Trump Says Terence Crutcher Did Everything Right; Blames Tulsa Cop for Choking
Republican presidential nominee Donald Trump said Wednesday that he was troubled by the controversial shooting of Terence Crutcher, 40, by Tulsa police officer Betty Shelby last Friday because he looked like he did "everything he was supposed to do" but was killed anyway.
"I must tell you I watched the shooting in particular in Tulsa and that man was hands up. That man went to the car, hands up, put his hands on the car, I mean to me it looked like he did everything he was supposed to do," said Trump in remarks at a town hall style event addressing African-American issues in Cleveland Heights, Ohio.
"And he looked like a really good man and maybe I'm a little clouded because I saw his family talking about him after the fact, so you get a little bit different image maybe. But to me he looked like somebody who was doing what they were asking him to do and this young officer I don't know what she was thinking. I don't know what she was thinking but I am very, very troubled by that," said Trump to applause.
Trump's comments came after he was asked by Rev. Darrell Scott, CEO of the National Diversity Coalition for Trump and pastor of the New Spirit Revival Center church in Cleveland Heights where the town hall was held, to comment on the "recent shootings of unarmed black men by the police."
While stating that he was a "tremendous believer in the police," Trump indicated that he felt some police officers who he called "chokers" are psychologically unfit for work in law enforcement and should be removed.
"Well as you know I'm a tremendous believer in the police and law enforcement because we need that for ourselves, we do," said Trump to applause.
"And I've really gotten the endorsement from so many different groups and they're great people. Now, great people you always have problems. You have somebody in there that either makes a mistake that's bad or they choke," he said.
"I'm very, very troubled by that and we have to be very careful so, these things are terrible. In my opinion that was a terrible situation and we've seen others and the police are aware of that too…. Now did she get scared? Was she choking? What happened? But maybe people like that. People that choke, maybe people that do that, maybe they can't be doing what they are doing," he said to more applause.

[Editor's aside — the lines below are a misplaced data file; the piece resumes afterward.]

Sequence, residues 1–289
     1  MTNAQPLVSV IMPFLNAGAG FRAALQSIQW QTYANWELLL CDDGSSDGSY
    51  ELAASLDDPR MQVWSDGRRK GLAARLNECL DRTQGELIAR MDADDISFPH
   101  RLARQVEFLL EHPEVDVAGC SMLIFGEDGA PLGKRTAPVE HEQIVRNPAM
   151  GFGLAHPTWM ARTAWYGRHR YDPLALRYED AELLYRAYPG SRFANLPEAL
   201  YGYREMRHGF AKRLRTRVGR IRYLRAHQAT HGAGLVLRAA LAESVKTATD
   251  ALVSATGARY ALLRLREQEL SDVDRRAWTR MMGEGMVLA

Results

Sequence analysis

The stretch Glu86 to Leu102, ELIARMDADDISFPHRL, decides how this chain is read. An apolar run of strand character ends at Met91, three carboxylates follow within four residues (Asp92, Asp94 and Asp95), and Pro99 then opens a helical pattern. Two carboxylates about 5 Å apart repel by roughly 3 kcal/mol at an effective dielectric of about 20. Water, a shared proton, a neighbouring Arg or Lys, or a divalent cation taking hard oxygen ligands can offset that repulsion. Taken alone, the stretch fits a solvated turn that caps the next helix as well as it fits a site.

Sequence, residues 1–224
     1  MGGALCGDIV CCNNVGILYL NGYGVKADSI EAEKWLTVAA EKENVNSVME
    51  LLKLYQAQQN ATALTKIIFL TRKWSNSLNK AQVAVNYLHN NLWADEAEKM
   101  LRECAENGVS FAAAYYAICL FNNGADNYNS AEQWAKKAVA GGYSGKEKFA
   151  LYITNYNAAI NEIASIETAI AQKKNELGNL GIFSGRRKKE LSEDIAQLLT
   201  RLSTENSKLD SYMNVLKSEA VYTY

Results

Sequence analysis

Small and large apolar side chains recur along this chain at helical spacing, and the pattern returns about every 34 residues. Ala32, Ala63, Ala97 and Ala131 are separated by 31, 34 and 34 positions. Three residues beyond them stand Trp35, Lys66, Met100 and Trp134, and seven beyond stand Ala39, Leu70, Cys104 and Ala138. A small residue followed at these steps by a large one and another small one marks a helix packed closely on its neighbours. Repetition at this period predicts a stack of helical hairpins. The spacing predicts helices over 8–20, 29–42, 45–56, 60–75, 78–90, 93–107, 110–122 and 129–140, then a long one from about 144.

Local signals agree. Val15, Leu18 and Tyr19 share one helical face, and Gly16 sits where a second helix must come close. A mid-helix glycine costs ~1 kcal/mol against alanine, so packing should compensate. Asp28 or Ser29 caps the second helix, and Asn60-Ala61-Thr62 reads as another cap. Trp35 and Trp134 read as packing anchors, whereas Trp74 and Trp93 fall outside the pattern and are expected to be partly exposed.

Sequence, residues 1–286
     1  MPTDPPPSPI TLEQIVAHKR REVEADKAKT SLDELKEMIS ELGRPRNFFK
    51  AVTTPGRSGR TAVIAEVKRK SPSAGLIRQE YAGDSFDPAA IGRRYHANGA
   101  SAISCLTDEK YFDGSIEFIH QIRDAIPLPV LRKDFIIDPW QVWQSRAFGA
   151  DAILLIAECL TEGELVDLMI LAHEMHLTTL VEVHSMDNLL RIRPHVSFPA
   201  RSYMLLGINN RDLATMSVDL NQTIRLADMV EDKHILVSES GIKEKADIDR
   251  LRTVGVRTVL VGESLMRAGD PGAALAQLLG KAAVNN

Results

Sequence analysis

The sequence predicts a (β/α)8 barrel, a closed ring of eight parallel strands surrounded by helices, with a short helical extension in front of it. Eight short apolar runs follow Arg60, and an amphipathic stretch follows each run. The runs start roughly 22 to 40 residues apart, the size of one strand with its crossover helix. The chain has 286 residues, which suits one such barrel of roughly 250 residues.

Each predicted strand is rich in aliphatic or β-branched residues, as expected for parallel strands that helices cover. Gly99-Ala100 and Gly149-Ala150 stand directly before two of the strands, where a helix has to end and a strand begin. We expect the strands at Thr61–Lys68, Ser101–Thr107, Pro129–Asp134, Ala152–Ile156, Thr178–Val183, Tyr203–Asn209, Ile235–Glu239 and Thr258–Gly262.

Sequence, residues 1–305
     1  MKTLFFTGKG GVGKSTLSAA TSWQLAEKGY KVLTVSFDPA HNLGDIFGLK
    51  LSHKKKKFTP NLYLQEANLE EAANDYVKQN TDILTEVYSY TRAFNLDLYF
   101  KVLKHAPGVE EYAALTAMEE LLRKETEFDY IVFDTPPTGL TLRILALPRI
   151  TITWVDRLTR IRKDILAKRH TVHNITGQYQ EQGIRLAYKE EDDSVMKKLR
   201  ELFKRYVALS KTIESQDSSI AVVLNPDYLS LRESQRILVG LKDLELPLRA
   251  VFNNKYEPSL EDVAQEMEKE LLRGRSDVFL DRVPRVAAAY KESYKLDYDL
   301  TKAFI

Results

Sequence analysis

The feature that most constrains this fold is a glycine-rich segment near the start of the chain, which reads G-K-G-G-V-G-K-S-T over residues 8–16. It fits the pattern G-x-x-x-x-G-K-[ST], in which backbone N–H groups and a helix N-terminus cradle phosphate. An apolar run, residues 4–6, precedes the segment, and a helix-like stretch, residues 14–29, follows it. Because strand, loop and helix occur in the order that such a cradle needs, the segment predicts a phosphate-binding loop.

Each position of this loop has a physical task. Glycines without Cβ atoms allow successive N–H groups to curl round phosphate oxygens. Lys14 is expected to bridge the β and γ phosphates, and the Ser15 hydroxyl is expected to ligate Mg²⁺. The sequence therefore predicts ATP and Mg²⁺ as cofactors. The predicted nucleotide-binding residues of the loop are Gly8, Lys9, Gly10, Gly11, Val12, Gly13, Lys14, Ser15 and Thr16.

Crutcher was shot dead last Friday in a controversial encounter with Shelby after his SUV broke down in the middle of the street.
Tulsa police initially told the Associated Press that Terence Crutcher died in the hospital Friday evening after he was shot once. They explained that two officers found him standing by his broken down SUV in the middle of the road. Police then said he refused commands to raise his hands as he approached officers and reached into the vehicle instead, prompting one officer to fire a Taser and another to fire a single round.
Footage released from police dashboard cameras, as well as footage from a police helicopter, however, show Crutcher had his hands up and was unarmed when he was Tasered and shot.
At a press conference on Tuesday afternoon, well-known civil rights lawyer Benjamin Crump also charged that Crutcher could not have reached into his SUV at the time of the shooting because enhanced photos from police video taken of the scene show that his window was rolled up according to The Denver Post.